Accessible parking laws in Illinois

In addition the protections provided by federal law, all of which are also included in Illinois state law, Illinois Human Rights Law prohibits discrimination against several other classes of persons. For the purposes of disabilities, however, it does not differ from federal law. Localities may add further protections, and also have local-level agencies for investigation and enforcement, as is the case in Chicago.

Who do I contact if my accessible parking rights are infringed in the state of Illinois?

If your landlord or employer isn’t providing enough accessible parking, we encourage to use the forms on our Resources page to request that they add more. This is usually the first step in straightening out any accessible parking problem.

Claims of discrimination are made via the Illinois Department of Human Rights (IDHR). While general discrimination claims must be filed within 180 days of the discriminatory incident, victims of housing discrimination have up to one year. The state’s website provides great information on fair housing laws, including informational videos on your rights and a guide to the pros and cons of settling your claim. They also welcome questions from potential complainants before filing at their Housing Inquiry Line at (312)-814-6229, or email at [email protected].

To file a complaint, you have to fill out their Housing Complaint Intake Form, and send it (signed) via fax or mail to an IDHR office at one of these locations. IDHR asks that you provide as much information as possible (i.e., your correspondence with your housing provider) along with your initial filing. If you are filing with the City of Chicago’s Commission on Human Relations, the process is slightly different, and you should consult their instructions.

Once you file with IDHR, an investigator will examine documents and interview parties, and help facilitate a settlement if possible. If there is substantial evidence of discrimination, there will be another attempt at mediation with a staff attorney. If this fails, the claim will be filed and a hearing will be held in front of an administrative law judge, unless either party chooses to file in civil court. Although the IDHR will have an attorney seeking the appropriate fine or other remedy for the violation, this attorney is representing the state’s interest in enforcing the law, not you personally. At this stage, hiring an attorney could be helpful.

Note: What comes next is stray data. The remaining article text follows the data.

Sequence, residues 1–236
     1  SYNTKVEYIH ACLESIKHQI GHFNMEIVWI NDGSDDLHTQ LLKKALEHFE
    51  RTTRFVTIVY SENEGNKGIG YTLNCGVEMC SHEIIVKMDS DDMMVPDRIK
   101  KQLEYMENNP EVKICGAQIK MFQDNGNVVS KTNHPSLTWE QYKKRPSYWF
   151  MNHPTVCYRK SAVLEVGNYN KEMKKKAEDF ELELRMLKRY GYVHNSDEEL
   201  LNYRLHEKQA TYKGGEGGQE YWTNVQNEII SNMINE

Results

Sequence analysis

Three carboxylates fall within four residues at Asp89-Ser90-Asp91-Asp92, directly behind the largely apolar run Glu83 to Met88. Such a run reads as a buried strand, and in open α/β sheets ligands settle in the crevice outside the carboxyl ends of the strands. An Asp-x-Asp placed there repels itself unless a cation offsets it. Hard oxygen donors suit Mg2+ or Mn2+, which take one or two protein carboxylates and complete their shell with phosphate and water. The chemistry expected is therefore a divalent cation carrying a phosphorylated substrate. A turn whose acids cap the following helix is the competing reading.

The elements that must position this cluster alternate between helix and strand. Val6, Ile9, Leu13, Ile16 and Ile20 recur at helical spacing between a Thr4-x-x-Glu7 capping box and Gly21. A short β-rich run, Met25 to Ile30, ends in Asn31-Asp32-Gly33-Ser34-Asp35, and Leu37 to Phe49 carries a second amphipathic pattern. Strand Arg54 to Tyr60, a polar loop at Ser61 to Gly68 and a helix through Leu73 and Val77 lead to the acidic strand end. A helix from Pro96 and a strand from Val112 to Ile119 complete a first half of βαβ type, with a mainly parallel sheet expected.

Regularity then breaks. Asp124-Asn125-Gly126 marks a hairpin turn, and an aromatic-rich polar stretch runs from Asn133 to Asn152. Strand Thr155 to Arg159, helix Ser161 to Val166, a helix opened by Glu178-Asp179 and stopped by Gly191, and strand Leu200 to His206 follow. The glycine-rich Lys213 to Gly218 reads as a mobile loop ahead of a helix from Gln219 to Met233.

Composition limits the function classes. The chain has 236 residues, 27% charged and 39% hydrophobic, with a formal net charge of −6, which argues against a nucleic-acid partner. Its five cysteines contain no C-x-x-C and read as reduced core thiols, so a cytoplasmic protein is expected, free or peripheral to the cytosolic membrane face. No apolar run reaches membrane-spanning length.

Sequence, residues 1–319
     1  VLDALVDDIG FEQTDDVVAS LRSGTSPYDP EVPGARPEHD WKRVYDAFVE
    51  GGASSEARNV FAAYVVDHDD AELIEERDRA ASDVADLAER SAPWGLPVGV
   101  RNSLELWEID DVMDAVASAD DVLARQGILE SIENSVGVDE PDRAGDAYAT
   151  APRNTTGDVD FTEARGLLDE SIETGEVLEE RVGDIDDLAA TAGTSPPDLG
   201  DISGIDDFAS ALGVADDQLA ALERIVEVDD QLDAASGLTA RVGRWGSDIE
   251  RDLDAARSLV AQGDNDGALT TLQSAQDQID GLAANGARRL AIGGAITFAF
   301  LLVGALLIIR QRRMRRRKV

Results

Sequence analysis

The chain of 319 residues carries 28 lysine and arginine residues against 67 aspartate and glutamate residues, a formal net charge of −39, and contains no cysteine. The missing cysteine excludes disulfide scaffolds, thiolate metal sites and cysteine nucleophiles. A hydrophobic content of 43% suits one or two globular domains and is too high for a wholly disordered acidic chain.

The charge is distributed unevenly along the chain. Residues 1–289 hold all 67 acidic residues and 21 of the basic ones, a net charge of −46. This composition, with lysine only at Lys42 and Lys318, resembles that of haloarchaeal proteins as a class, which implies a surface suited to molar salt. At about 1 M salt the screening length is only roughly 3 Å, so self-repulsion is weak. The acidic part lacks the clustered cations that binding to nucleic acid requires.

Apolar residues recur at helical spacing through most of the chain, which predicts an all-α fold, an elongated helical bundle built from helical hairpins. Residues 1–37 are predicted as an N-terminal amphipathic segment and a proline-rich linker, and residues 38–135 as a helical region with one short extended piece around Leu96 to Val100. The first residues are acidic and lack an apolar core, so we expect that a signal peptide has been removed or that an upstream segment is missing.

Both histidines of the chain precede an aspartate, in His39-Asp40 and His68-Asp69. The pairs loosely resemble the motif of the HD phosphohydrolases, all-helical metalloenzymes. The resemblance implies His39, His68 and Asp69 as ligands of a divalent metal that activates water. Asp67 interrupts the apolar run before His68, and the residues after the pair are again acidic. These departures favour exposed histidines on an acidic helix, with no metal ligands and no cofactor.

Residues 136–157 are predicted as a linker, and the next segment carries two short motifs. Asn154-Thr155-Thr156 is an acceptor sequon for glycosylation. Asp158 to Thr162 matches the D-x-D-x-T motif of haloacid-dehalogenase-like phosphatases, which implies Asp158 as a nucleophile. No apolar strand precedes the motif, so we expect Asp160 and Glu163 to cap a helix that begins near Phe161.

In addition to the great resources available at the IDHR website, there are a variety of local level governmental and non-profit fair housing groups in Illinois, as well as legal aid resources listed on IDHR’s website. In addition, the Chicago Fair Housing Alliance provides support and works with other local aid organizations, including one specializing in accessibility issues. Further statewide resources can be found listed here.

One Response to “Accessible parking laws in Illinois”

  • dorothy tinnes

    While picking up a child at Leman Middle school in West Chicago IL, parents block the handicap parking, and worse park in the bay. After pointing out that there are stalls available, the parent said she wasn’t in the handicap, she was parked on the lines. I contacted the police, showed them pictures. They suggested I block them in. I returned the next day and they have blocked all the parking lots off with cones. No handicap parking is allowed! I do at times need to get out of the car and walk to pick up the child, like today as it was raining.